An emotional, beautiful and for the most part, festive set of music by this French-Arabic group of brothers.
I had the distinct feeling of being in a village or an old section of a town that's alive with music, food, real conversation and the joy of life. The music is varied, but consistent with its roots, of course. When hearing a disc like this, whether or not you understand the language, you know the depth of meaning. Though sung in Arabic, it's as if you can comprehend it on a higher level.
It's obvious that Seba (the family name) takes their music very seriously. They obviously keep their ears open and absorb many major influences. "Te Dekoum," incorporates hip hop flavor and a bit of reggae mixed in, while "Zina Zina" is funky like some of the best acid jazz or instrumental funk so many of us revere. As the disc progresses to "Nomades," a meditative, deeply spiritual sound comes through.
Check out the sensual rhythm in "Loukane." The peace that comes from this track is incredible. It's probably the most "solemn" of tracks on the CD. That's certainly not to suggest sadness. If anything, it's a calm joy with a penetrating vocal that reaches you wherever you happen to be.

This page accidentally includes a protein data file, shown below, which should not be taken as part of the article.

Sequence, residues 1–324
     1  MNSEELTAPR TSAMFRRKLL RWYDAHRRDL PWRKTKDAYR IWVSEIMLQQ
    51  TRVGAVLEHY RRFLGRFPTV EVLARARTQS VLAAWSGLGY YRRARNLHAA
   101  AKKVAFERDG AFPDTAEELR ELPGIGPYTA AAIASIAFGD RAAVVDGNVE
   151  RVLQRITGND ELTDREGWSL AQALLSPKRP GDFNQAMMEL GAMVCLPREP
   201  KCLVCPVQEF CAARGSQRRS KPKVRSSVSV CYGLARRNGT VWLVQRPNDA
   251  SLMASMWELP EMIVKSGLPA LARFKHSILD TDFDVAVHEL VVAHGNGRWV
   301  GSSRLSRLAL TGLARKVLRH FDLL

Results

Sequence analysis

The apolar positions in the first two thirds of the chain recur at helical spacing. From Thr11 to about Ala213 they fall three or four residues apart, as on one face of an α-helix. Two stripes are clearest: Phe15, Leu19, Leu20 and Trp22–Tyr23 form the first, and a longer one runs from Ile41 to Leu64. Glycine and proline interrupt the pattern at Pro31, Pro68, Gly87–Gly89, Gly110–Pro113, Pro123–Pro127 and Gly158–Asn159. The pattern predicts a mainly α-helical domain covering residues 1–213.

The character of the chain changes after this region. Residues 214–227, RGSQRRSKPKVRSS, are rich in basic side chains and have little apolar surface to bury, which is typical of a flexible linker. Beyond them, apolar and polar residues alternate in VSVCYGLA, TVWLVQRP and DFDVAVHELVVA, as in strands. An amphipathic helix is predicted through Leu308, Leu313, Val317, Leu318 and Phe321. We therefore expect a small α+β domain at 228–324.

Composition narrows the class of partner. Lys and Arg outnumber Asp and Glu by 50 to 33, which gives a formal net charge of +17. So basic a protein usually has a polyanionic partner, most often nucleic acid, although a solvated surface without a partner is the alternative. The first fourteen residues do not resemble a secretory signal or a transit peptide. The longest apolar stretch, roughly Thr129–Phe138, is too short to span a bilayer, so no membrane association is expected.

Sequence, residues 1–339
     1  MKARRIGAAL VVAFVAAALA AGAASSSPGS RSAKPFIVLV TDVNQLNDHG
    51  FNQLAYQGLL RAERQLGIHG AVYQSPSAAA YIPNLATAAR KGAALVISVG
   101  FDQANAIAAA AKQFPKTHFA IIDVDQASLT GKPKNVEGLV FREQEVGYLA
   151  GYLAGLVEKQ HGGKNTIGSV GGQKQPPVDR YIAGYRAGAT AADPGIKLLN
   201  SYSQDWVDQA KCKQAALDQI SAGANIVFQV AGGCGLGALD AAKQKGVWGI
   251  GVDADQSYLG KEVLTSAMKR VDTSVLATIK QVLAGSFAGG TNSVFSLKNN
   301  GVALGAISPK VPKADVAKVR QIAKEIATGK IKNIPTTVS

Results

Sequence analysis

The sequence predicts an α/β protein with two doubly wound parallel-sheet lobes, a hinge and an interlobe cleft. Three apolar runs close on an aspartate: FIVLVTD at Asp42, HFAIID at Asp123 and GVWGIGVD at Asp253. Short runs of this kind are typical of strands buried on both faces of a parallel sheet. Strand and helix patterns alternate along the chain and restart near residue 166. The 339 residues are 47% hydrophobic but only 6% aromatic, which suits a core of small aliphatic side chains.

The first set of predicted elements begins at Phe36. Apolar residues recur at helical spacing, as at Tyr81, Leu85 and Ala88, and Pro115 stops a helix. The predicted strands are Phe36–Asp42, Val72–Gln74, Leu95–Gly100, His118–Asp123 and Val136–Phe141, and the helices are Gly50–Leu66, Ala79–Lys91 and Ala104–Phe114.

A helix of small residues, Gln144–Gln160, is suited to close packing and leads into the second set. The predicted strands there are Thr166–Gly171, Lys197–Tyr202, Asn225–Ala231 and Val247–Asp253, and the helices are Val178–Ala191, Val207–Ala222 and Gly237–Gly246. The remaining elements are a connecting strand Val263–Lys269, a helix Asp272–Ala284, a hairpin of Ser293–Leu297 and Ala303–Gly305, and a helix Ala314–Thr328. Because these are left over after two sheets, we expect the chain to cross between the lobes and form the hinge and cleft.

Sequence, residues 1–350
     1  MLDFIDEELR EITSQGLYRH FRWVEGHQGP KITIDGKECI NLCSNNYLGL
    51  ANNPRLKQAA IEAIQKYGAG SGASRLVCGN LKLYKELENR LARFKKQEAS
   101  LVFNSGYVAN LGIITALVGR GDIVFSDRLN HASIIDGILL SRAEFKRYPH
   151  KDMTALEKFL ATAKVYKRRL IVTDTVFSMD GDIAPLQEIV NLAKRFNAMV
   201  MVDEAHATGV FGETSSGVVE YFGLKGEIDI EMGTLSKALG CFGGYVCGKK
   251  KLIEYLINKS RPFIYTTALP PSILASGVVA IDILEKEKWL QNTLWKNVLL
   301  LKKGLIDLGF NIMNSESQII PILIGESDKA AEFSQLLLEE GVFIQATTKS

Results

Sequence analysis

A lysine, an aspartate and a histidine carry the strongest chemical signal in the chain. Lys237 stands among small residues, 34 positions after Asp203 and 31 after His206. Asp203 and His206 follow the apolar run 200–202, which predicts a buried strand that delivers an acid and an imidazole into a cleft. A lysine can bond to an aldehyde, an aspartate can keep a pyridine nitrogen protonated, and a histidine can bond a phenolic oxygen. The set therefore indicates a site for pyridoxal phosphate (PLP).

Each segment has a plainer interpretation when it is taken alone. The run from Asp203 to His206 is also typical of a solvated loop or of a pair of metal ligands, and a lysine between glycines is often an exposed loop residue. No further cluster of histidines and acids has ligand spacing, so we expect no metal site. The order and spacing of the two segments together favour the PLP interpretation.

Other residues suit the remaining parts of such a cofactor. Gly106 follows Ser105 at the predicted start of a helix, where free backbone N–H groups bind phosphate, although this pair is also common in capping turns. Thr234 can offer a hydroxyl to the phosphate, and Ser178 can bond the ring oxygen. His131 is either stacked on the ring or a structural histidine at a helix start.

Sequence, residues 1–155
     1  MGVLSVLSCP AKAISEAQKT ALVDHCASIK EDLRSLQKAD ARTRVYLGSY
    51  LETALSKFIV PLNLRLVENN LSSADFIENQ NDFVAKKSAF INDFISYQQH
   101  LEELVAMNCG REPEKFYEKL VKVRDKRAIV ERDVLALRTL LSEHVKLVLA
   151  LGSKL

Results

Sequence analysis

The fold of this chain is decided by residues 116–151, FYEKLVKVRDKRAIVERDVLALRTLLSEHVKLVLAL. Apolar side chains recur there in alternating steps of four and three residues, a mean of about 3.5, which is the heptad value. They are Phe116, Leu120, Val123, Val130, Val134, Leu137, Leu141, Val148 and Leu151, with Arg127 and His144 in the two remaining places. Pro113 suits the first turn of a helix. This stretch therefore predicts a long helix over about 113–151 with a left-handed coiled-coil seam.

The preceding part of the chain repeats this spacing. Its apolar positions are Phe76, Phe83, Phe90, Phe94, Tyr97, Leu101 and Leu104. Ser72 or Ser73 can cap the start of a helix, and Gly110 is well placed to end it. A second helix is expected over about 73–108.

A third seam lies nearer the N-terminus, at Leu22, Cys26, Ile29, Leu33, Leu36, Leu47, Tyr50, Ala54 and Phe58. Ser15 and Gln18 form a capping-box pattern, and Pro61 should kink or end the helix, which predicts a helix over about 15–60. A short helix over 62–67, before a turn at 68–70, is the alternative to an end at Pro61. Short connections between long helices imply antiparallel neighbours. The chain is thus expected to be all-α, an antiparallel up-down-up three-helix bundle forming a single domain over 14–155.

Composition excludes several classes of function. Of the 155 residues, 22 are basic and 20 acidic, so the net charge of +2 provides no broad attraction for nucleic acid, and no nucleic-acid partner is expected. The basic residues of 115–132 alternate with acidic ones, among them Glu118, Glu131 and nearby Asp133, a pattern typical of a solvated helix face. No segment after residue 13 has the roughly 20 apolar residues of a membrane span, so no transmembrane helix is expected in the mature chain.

On that note, the vocals charge and call out for you to come in. That's a quality I miss in American popular music today. When a listening audience settles for less, the results are evident. The spirit of Seba is alive and well and you can't miss it.
On the whole, this is some of the happiest music I've heard in a while. World beat enthusiasts need to get on this, and many will. It's a spicy combination of various influences with Algeria and France as the backbone of its content. This is truly global grooving!